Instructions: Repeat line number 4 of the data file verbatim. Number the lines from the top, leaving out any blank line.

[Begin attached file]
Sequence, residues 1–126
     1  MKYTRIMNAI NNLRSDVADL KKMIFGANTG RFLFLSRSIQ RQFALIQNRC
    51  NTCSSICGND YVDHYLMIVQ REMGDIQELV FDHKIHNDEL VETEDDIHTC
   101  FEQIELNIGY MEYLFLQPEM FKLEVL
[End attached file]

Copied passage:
   101  FEQIELNIGY MEYLFLQPEM FKLEVL